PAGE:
On 5 May 1913 Fernand Léger, one of the participants in “Salle 41” at the Salon des Indépendants of 1911, which gained acceptance for the Cubist movement, stated in a lecture delivered in Paris on “Les Origines de la peinture contemporaine et sa valeur representative” that “Pictorial realism is the simultaneous ordering of three great plastic components: Lines, Forms and Colours.” While Picasso and Braque were the inventors of a new plastic language that broke away from all earlier painting, Léger strove to find a new beauty in the world and to capture the contrasts of modern life through pictorial contrasts, combining Cubism with the use of colour. Léger put this new aesthetic idea into practice in a series of forty-five paintings which he called Contrasts of Forms, executed in 1913 and 1914, which mark the decisive moment in his career during the period prior to the Great War. In this suite of works, although Léger employs a language close to abstraction, he hints at the human figure — a dehumanised and mechanised human figure that fuses with the fragmented setting which is none other than the world of machines and technology. In contrast to the flatness of more orthodox Cubism, Léger endowed objects with a sense of physical volume: “I oppose curves to straight lines, flat surfaces to moulded forms.” This spurred him to use tubular forms with concave and convex planes and mechanical rhythms shaped from contrasts of pure colours.
In his study of the present painting, Christopher Green refers to a letter from Léger dated 14 November 1915 mentioning a group of works executed in Normandy a month before the outbreak of war, entitled The Staircase and derived from his abstract explorations of contrasting forms and colours. George Bauquier’s catalogue raisonné includes, in addition to The Staircase belonging to the Thyssen-Bornemisza collection, a further five works from the same series. In the version in the Museo Thyssen-Bornemisza, a group of mechanised figures constructed from cylindrical forms descend a staircase towards the viewer. The foreshortened banisters can be clearly discerned together with a few yellow stairs on the right of the composition. The tubular forms delimited by the black contour lines are given volume by a few touches of red, blue and yellow which cover the surface only partially, leaving the rest of the canvas exposed. Depth is achieved by superimposing planes and forms and, although there is no defined light source, Léger uses a few white brushstrokes to highlight certain areas and enhance the threedimensionality of the cylindrical forms. The motion, created by the apparent rotation of the various articulated pieces of the figures and their advancement towards the viewer, links Léger to other contemporary painters interested in representing scenes in movement: his friend Robert Delaunay, Marcel Duchamp — whose Nude Descending a Staircase of 1911 was shown at the Salon de la Section d’Or in 1912 — and the Italian Futurists, whose interest he shared in capturing the mechanisation and fast pace of modern life.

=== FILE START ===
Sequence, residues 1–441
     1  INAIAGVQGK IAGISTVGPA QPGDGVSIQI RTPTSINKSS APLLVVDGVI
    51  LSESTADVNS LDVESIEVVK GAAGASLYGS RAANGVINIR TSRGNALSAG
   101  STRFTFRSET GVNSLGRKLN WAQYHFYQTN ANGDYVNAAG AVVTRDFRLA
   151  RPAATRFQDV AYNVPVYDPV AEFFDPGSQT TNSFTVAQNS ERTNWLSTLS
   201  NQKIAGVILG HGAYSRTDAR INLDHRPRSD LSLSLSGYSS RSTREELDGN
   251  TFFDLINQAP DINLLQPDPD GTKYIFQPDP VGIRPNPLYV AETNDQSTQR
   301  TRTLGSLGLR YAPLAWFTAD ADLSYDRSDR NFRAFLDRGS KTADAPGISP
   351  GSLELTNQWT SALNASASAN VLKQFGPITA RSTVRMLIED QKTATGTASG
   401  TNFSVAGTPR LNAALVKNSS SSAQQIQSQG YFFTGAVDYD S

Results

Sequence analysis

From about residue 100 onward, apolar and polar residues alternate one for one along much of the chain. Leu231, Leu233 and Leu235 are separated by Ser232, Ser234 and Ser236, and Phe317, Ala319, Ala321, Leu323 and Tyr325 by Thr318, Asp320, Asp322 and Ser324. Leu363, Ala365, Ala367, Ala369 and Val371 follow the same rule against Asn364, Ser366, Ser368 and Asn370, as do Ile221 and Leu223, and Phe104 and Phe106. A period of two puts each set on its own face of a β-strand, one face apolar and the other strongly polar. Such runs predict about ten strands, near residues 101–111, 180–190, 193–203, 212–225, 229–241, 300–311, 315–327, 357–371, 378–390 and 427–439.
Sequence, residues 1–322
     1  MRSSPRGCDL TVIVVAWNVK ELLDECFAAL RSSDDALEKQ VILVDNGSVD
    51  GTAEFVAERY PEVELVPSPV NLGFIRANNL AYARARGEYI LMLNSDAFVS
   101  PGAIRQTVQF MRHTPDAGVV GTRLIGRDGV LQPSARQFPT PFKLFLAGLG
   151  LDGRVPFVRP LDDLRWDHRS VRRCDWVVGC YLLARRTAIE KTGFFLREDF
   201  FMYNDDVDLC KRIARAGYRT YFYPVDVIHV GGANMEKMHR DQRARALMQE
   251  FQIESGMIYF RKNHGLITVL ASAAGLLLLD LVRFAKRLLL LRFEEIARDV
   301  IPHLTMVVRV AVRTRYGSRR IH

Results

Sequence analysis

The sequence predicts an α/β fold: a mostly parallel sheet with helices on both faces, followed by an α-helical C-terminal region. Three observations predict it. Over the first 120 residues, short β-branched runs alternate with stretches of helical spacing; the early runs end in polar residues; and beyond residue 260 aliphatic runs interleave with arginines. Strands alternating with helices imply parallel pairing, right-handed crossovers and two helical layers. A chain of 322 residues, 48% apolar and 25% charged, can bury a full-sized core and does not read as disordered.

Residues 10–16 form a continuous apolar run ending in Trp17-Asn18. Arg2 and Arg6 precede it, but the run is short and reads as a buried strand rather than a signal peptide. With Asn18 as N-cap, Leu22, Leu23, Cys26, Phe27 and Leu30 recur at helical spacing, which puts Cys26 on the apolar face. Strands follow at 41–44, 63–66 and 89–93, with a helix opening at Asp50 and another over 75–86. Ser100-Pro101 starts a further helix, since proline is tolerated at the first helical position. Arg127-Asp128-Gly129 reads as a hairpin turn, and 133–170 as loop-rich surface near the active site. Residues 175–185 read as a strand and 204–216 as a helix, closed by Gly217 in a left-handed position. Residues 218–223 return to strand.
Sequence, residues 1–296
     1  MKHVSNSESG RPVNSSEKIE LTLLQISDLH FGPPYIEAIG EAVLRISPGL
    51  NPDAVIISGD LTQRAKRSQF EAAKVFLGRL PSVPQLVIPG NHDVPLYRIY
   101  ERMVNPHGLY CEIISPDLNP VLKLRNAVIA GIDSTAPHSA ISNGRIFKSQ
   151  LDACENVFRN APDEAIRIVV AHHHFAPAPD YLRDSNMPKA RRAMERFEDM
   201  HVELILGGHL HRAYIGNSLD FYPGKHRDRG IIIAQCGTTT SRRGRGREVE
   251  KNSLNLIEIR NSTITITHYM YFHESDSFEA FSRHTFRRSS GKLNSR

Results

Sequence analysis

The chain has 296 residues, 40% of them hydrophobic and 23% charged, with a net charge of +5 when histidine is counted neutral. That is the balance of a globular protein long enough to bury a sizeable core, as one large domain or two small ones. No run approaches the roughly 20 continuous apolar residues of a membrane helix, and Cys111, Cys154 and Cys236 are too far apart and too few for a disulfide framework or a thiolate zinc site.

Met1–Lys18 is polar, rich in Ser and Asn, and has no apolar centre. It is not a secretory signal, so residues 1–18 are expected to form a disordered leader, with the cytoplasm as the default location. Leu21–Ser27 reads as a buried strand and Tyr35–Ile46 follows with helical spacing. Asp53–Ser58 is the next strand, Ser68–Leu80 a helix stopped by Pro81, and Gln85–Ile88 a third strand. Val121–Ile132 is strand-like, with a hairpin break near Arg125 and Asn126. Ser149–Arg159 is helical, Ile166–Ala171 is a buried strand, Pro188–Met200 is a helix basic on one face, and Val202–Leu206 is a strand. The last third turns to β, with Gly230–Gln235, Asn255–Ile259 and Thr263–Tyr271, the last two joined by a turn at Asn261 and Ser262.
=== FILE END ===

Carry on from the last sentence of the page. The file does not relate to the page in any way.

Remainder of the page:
In other respects, the representation of the contrasts, fragmentation and simultaneity of the modern city which Léger reflected in his work may be related to the exaltation of the city and representation of the ego fragmented in space and time that is found in the poetry of Guillaume Apollinaire. Léger’s notion of Simultanism, to which the very title of the series, Contrasts of Forms, refers, is embraced by Apollinaire in his poetry from 1912 onwards. The poem Zone, written in 1912, translates his own experience of the city and provides a kaleidoscope of images through new poetic procedures, such as free verse and the aesthetic of simultaneity and fragmentation.